Everyone can watch full video of the last 12 Long Now Seminars on our website. Only Long Now members can see the full ten years of Seminars in HD. Membership levels start at $8/month and include lots of benefits. You can join Long Now here.

The Manual for Civilization project is really taking off. The “Manual” will be a 3000+ volume library that is a central feature of the Long Now Salon

We are deciding on what books to include to document human civilization to this point and collect forward-looking visions of possible futures. The goal is to gather knowledge that is essential to help us maintain, extend and, if needed, recreate what humans have achieved thus far, as well as compile speculative ideas of how we may proceed from here.

Long Now members and donors to the Long Now Salon project can suggest and vote on titles we should have on our shelves when we open this Spring.

Today’s #FridaySALT post is author George Dyson from March 02013. We post audio of a Seminar About Long-term Thinking from our archives each Friday.

George Dyson is an author and science historian whose books include Baidarka the Kayak, Darwin Among the Machinesand Turing’s Cathedral: The Origins of the Digital Universe. This is the third time he has been on our Long Now Seminar stage, including the 02005 SALT Talk presented with his sister Esther and their father Freeman Dyson.

In his talk No Time Is There: The Digital Universe and Why Things Appear To Be Speeding Up, on a rare 02013 rainy San Francisco night, Dyson gives a detailed history of events and personalities at the dawn of the modern computer and the atomic bomb—both closely intertwined at Princeton’s “Institute for Advanced Study”.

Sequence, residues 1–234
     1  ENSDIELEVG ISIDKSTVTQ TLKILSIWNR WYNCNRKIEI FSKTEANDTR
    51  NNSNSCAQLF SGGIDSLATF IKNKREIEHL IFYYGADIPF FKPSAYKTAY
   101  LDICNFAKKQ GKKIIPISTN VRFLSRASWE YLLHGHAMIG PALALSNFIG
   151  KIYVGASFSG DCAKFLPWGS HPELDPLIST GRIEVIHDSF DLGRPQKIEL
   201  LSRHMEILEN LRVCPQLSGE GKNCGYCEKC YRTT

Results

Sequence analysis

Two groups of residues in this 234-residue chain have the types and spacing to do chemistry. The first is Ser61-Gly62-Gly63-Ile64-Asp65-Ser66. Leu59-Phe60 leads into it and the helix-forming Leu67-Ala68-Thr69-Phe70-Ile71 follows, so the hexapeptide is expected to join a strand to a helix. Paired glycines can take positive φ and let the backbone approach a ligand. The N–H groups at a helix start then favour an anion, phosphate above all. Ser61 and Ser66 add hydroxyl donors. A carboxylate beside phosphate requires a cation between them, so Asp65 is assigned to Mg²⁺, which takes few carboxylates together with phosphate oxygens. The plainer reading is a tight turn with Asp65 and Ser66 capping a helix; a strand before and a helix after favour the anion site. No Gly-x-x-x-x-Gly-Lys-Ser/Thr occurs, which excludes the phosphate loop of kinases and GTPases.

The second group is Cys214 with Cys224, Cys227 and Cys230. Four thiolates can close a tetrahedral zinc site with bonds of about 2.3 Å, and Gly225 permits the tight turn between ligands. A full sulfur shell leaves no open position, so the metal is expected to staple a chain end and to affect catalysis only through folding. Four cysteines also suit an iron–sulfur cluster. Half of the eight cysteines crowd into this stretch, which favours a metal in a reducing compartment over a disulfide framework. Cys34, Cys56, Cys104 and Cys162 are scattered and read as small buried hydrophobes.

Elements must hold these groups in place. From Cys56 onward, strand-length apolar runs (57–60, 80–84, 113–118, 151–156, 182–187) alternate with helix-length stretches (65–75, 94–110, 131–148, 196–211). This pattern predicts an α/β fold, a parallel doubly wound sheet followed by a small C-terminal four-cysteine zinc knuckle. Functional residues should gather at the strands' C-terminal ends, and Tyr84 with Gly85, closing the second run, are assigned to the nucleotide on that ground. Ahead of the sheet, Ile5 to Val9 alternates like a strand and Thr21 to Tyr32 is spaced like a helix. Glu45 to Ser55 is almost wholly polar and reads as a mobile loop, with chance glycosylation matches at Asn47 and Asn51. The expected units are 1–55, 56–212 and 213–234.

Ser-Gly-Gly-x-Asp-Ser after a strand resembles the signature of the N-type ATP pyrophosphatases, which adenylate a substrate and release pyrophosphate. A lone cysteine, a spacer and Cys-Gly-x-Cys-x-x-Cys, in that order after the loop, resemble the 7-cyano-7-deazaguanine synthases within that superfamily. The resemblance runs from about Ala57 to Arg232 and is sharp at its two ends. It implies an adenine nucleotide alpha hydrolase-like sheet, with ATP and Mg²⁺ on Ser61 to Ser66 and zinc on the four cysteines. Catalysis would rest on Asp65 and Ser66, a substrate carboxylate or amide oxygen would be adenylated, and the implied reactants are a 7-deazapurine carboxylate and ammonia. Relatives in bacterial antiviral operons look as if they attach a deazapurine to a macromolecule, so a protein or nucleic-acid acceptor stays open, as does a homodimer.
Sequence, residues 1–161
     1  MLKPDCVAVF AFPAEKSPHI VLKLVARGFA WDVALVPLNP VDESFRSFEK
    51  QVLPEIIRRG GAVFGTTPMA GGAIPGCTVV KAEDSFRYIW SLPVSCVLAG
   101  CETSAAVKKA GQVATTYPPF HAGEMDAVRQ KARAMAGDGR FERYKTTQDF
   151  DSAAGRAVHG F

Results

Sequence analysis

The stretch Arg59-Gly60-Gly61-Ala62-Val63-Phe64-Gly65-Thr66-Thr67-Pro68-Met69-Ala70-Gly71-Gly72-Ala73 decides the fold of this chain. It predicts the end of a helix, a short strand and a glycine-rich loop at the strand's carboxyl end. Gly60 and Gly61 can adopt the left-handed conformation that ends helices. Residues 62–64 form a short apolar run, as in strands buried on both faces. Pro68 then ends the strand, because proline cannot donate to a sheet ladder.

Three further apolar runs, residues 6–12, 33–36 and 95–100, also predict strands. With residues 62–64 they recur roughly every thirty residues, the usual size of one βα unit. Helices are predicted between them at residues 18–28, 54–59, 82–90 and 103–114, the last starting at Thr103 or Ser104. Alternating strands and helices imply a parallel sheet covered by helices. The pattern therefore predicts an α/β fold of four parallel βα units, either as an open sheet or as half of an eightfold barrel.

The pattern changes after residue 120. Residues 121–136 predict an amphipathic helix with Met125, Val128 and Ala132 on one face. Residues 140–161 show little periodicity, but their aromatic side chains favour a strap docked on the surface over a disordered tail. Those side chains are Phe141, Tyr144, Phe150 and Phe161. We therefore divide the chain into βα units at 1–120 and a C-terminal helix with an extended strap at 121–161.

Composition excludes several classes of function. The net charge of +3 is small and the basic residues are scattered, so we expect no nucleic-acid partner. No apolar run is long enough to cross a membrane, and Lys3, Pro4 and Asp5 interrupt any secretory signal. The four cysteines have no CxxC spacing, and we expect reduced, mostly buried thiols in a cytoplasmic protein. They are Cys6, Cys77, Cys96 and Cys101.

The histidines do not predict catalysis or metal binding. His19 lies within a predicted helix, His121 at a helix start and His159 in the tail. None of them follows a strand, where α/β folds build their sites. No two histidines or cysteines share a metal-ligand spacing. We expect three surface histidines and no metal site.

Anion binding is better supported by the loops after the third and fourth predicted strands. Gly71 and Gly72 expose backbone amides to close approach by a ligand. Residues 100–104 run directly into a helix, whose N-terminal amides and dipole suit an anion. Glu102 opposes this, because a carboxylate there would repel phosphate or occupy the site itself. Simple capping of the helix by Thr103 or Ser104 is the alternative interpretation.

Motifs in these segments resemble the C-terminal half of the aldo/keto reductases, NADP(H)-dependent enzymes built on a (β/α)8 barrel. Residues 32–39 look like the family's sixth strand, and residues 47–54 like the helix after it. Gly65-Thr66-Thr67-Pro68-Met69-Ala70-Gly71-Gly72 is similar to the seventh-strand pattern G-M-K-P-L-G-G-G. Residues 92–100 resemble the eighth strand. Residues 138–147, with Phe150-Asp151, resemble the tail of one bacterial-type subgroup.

From Stewart Brand’s summary of this Seminar (in full here):

In the few years they ran that machine, from 1951 to 1957, they worked on the most difficult problems of their time, five main problems that are on very different time scales—26 orders of magnitude in time—from the lifetime of a neutron in a bomb’s chain reaction measured in billionths of a second, to the behavior of shock waves on the scale of seconds, to weather prediction on a scale of days, to biological evolution on the scale of centuries, to the evolution of stars and galaxies over billions of years. And our lives, measured in days and years, is right in the middle of the scale of time. I still haven’t figured that out.

Legends of science and mathematics like Alan Turing, Kurt Gödel, and John von Neumann feature prominently. With unique access due to his family’s long-time association with the Institute, Dyson shares details of von Neumann’s workspace and revealing insights gleaned from first-hand interviews with participants at these events.

You can watch the entire video of this talk (until March 02014) on our site.

The Seminars About Long-term Thinking began in 02003 and are presented each month live in San Francisco (also available as a podcast). The series is curated and hosted by Long Now’s President Stewart Brand.

Everyone can watch full video of the last 12 Long Now Seminars on our website. Only Long Now members can see the full ten years of Seminars in HD. Membership levels start at $8/month and include lots of benefits. You can join Long Now here.